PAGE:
Tornado strikes city, spares campus

During the first few evening hours of Spring Break on March 14, a tornado hit downtown Atlanta. With winds clocking in around 130 miles per hour, the tornado damaged some of the Atlanta’s landmarks. However, Tech received no discernible damage.

The World Congress Center suffered roof damage, the CNN Center had windows broken, holes were ripped in the roof of the Georgia Dome and the top floor of Georgia State University’s Lofts received extensive damage according to damage reports from the Georgia Emergency Management Agency. The SEC Men’s Basketball tournament was being played in the Georgia Dome at the time of the tornado. The damage sustained by the Georgia Dome forced the tournament to finish up in the Alexander Memorial Coliseum.

“As far as evidence of the tornadoes downtown, yesterday we saw the broken windows on the Westin, Omni and some other buildings downtown. They have closed down some blocks near these places and are still cleaning up glass and other debris,” said Laura Nunez, Chemical Engineering Masters student, who was in downtown Atlanta last Sunday.

Although some of these buildings sit no more than a mile from Tech, there were no reports of any kind of tornado-related damage on campus.

“They really couldn’t find even a fallen limb when they looked around the campus,” said Teresa Crocker, Tech Chief of Police. “We’re thankful that we didn’t have any of [the damage received in the downtown area].”

A few hours after the storm had subsided, units from the Tech Police Department and Tech Facilities surveyed the campus looking for signs of damage. They were not able to find any damage in their search, and a subsequent examination by state officials also failed to turn up anything.

“This not the end. In fact, this is only the beginning,” said Andy Altizer, director of Emergency Preparedness. “The tornado season lasts from March to May.”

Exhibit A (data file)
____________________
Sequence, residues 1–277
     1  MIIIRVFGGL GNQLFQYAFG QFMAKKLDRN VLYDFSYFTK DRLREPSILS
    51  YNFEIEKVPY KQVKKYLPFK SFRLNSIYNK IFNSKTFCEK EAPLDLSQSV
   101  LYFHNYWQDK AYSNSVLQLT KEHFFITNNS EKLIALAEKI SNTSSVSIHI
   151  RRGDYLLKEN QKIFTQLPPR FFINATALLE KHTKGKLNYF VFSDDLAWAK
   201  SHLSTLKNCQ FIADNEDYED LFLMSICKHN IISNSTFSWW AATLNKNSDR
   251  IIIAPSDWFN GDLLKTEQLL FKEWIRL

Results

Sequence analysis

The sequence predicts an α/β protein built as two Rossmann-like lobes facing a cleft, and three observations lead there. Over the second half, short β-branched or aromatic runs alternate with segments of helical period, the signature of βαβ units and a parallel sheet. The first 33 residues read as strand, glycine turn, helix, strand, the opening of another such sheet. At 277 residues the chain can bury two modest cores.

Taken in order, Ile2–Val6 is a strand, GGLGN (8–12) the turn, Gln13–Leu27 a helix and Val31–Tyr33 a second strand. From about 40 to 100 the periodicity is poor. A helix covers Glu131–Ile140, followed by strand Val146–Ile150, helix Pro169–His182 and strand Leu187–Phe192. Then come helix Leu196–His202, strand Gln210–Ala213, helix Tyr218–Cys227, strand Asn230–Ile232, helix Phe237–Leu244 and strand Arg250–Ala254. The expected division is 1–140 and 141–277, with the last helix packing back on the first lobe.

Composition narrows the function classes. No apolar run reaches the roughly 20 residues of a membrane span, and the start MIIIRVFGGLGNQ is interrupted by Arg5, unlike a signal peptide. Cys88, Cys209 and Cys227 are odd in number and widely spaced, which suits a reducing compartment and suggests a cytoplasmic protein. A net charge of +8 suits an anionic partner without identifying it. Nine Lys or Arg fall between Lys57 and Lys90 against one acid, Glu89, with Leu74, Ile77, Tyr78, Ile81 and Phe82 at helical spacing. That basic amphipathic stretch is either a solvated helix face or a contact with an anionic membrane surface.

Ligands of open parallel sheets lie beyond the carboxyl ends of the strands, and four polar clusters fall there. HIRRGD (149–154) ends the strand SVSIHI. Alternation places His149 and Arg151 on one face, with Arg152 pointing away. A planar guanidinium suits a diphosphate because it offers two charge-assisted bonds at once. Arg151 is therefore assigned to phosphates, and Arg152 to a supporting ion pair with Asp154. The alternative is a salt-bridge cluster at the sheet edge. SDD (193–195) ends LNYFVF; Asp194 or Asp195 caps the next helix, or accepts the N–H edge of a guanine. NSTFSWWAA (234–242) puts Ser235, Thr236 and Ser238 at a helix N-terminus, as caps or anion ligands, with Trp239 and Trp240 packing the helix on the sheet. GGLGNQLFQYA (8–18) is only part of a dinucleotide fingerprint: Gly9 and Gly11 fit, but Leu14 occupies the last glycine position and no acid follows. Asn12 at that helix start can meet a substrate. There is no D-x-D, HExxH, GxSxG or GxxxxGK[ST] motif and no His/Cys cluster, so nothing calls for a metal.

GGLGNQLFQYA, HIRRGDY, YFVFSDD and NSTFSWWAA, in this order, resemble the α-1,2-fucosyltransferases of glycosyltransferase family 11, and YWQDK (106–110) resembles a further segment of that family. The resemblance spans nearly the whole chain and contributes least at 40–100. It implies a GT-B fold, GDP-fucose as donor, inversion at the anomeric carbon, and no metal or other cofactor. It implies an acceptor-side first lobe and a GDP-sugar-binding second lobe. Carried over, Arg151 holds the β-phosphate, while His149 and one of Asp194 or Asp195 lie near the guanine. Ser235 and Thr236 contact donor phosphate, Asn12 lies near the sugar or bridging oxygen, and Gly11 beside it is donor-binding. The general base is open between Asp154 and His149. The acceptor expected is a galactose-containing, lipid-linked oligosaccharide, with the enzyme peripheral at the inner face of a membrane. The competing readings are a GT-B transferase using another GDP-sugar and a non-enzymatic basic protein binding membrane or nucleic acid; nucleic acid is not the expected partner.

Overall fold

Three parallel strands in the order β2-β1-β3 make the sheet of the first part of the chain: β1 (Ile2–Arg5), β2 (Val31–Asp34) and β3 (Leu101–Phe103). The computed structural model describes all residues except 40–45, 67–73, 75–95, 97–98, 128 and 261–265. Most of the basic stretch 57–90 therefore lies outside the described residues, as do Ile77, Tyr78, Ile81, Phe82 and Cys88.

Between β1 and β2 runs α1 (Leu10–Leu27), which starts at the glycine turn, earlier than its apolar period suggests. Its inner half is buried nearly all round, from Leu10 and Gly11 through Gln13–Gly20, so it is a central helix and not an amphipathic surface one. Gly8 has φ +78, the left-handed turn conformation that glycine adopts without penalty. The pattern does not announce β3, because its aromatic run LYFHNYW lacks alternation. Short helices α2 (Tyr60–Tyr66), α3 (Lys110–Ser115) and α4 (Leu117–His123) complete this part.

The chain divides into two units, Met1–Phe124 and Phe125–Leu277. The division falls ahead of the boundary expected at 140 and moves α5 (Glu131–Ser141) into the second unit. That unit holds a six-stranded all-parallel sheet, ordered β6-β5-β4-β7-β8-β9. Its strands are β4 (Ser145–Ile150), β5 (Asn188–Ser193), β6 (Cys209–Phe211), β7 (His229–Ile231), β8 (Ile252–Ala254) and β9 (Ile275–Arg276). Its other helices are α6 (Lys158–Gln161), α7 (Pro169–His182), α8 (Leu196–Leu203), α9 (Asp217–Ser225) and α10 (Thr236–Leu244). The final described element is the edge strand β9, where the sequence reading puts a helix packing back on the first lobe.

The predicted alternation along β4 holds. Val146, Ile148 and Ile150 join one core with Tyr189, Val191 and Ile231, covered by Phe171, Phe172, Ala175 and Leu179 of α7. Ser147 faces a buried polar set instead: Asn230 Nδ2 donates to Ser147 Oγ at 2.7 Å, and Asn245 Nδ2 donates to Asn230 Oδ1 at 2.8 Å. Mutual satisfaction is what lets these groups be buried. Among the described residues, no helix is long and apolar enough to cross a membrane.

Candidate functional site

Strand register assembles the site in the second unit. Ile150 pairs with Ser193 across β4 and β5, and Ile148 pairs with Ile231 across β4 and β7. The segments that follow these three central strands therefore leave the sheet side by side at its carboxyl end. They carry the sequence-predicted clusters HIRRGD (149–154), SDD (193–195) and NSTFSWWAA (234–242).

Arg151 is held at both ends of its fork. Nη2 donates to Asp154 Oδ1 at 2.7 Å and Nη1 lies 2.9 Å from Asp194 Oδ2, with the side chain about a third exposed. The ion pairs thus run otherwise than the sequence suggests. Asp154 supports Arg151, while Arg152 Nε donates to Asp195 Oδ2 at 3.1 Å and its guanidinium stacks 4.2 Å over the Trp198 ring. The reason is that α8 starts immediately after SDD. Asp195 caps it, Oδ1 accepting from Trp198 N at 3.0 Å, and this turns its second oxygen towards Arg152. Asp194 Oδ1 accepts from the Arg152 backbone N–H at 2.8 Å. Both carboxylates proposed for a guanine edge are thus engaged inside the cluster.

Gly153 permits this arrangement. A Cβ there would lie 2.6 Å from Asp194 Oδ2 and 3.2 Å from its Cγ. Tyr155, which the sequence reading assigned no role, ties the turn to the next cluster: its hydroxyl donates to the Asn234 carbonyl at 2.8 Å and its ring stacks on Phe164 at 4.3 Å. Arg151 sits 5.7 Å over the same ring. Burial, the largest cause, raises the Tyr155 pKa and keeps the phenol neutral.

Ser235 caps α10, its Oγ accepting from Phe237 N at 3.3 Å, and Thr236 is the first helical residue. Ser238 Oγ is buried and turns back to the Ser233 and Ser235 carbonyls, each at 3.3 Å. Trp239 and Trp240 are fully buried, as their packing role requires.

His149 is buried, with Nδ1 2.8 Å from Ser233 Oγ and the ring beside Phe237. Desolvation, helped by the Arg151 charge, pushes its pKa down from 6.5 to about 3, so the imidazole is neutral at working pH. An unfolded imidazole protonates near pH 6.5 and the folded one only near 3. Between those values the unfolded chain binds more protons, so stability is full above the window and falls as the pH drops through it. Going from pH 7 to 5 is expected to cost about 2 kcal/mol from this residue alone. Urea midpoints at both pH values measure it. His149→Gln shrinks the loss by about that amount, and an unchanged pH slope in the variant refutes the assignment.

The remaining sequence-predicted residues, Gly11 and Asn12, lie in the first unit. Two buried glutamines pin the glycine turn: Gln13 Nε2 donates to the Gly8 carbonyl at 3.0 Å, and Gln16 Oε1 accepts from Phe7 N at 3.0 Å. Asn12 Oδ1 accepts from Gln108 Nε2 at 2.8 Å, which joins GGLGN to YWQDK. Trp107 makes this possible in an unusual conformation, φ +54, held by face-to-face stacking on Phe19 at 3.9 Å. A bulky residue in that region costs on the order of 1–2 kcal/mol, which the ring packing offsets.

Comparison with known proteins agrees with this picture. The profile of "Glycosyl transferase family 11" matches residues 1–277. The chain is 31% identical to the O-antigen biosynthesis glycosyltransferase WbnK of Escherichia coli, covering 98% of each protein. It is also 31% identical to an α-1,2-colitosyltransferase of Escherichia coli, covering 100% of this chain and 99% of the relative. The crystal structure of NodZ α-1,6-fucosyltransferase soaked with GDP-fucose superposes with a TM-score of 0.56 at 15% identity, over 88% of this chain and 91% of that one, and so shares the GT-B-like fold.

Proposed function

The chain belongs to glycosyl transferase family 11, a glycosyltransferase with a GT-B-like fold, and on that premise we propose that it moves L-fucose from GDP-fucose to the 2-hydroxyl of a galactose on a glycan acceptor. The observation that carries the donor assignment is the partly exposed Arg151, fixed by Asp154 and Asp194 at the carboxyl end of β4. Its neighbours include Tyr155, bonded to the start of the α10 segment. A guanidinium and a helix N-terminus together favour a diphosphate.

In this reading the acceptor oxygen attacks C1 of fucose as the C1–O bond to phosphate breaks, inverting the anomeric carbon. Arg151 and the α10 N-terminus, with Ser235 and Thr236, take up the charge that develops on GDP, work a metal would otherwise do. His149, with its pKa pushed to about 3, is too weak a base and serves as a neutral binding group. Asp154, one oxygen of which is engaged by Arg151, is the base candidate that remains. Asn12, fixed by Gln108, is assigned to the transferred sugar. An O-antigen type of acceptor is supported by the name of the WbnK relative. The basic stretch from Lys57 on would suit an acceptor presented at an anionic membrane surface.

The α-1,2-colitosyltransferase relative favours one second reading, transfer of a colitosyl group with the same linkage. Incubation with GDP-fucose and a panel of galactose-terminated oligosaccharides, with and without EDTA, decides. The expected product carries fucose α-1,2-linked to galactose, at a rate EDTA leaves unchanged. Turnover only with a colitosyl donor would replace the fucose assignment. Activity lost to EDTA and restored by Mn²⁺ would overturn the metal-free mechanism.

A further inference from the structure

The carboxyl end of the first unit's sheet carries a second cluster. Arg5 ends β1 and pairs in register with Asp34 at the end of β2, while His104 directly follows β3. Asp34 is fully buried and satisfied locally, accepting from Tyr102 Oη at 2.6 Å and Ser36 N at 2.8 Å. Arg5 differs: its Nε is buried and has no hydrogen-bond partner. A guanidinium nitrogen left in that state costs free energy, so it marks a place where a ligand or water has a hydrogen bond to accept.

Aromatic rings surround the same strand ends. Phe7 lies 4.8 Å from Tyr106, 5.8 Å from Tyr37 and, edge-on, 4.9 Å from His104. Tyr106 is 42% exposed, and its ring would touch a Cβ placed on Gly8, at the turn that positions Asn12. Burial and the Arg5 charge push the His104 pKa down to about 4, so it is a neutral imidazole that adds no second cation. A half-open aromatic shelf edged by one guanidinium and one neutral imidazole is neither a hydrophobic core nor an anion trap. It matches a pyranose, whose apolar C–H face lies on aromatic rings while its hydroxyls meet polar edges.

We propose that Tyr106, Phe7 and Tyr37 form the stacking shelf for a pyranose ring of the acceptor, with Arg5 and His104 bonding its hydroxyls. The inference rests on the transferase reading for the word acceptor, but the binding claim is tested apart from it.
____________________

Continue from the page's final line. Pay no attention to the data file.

Next week, Altizer and the Police Department will be hosting an administration-level discussion to review the contingency plan for a tornado incident. The discussion group will include the Chief of Police, Emergency Preparedness Director, Deputy Chief of Police, Patrol Commander, Facilities Director, Environmental Health and Safety Representative, Executive Vice President of Administration, Housing Representative, Communications and Public Relations Representative, Health Services Representative and a representative from the Dean of Students Office.

“We want to make sure everyone is on the same page,” Altizer said. “While I think we’re on track for emergency notification, police response and even potential medical response, I have questions about the recovery efforts that would be needed and ‘who would do what’ if a tornado hit Tech resulting in significant damage.”

Some of the specific issues to be discussed are what to do with students and faculty if parts of campus sustained damage, what to do about classes and what to do about buildings that are deemed inaccessible.

“It was a fortunate thing that it was Spring Break and that the students weren’t on campus. However if Tech had received damage, we would need to figure out what to do about all the returning students,” Crocker said.

A weather alert email was sent out from the Tech emergency warning system at 9:43 p.m., a few minutes before the tornado hit the city. Crocker said that officers in the city reported that the tornado formed very quickly. Altizer said that he is hopeful that the audio Siren Warning System will be up by the end of the semester. The system will be tied into the existing emergency warning system and will warn people who are outside of potential hazardous situations, like the potential for tornadoes.